How British Heart Foundation got brands to agree to interrupt radio ads

How BHF got brands to agree to interrupt radio ads

The Media Plan

The British Heart Foundation got seven mainstream advertisers to interrupt their own radio ads for a ‘disruptive’ campaign. But how did they get the brands to agree?

The British Heart Foundation (BHF) ran a campaign last month on Global’s Heart Radio Network interrupting other advertisers’ radio spots with the sound of a flatlining heart monitor.

The idea was to raise awareness about BHF’s largest ever research grant of £30m to CureHeart, a global collective of scientists from the UK, US and Singapore developing gene therapy technologies that could edit faulty genes that cause inherited heart muscle diseases.

But how did the charity get media owner Global and seven other advertisers to collaborate on the campaign and “interrupt” their radio advertising?

Scott Webb, partnership director at the charity’s media agency PHD, said the agency had discussed the notion of “stopping” Heart Radio with Global for BHF “a number of times” in the past, but a “bona fide reason” to do it had never presented itself until now.

He explained: “The simple ideas on paper are not always the easiest to execute in real life. This one, in particular, required the juggling of Ofcom regulations, medical compliance and accuracy, multiple stakeholder approvals, studio recording timetables and numerous airtime schedules.”

He said the campaign “relied heavily” on all the teams involved at the BHF, Global and PHD being “open, agile, and flexible” throughout production which took four weeks beginning to end.

Four-week timeline

BHF, PHD and Global had a four week lead time to pull together the campaign to align with the release date of the research.

Webb remarked the first consideration was to create a list of partners to target who would be more predisposed to BHF “borrowing” their ads, but also would have live radio campaigns on 1 August.

PHD approached advertisers in its client base, while Global approached other brands on its roster.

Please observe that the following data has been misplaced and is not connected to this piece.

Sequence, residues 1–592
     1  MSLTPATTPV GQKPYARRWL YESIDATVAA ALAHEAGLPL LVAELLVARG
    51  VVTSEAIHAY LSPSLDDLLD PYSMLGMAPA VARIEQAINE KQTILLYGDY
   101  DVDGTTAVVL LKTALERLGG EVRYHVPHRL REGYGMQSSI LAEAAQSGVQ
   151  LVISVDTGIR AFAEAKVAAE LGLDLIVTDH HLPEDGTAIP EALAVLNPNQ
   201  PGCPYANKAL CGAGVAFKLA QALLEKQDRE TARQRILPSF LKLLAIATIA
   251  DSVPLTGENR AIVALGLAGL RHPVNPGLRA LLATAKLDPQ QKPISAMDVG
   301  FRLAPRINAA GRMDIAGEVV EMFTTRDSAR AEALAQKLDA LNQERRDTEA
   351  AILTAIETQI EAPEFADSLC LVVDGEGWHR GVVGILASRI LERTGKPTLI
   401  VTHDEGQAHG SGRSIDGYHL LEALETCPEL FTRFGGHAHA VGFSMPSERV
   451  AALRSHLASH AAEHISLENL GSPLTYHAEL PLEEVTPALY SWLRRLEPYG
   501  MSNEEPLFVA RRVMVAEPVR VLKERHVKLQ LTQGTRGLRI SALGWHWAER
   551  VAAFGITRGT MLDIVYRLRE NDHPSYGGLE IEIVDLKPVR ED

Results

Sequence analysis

Nick Russell, director of creative strategy at Global said they hit the phones rather than firing off emails, and leaned on existing relationships to get to the final list of participating brands, namely: Sainsbury’s, On the Beach, heycar, Admiral Insurance, Dunelm, Cazoo and Checkatrade.

Russell added: “Pretty much everyone we spoke to bought into what it was we wanted to achieve with this campaign, and they said yes straight away, which was incredible as these were big, well-known brands and we were effectively going to ‘kill’ their ads on air.”

To help with this process, Global also produced a “sell-in demo” to help brands understand what BHF was looking to achieve which Webb described as “invaluable”.

Another consideration was to ensure the “flatlining ads” did not clash with participating brands’ real ads. Global created special “interruption edits” within a matter of days once the BHF ad was recorded and other brands had reached an agreement to participate.

Russell explained: “Clearly, we’d never ask any the brands taking part to come off air for the day so that meant planning everything meticulously to avoid any clashes. Easier said than done as there was a lot of different copy being delivered in a short space of time involving a lot of different brands.”

BHF, PHD, Global and the participating advertisers had to align different workstreams around one timeline to make sure content, assets, social, digital, interviews, research teams and case-studies were all prepared in time for the “unmovable” research release date.